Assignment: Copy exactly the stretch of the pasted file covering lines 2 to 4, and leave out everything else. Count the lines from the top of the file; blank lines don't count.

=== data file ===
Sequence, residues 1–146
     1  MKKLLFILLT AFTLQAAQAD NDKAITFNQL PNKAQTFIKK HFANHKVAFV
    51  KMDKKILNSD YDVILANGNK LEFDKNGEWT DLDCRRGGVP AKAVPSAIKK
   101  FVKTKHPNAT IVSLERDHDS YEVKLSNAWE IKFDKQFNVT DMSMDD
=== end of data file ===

     1  MKKLLFILLT AFTLQAAQAD NDKAITFNQL PNKAQTFIKK HFANHKVAFV
    51  KMDKKILNSD YDVILANGNK LEFDKNGEWT DLDCRRGGVP AKAVPSAIKK
   101  FVKTKHPNAT IVSLERDHDS YEVKLSNAWE IKFDKQFNVT DMSMDD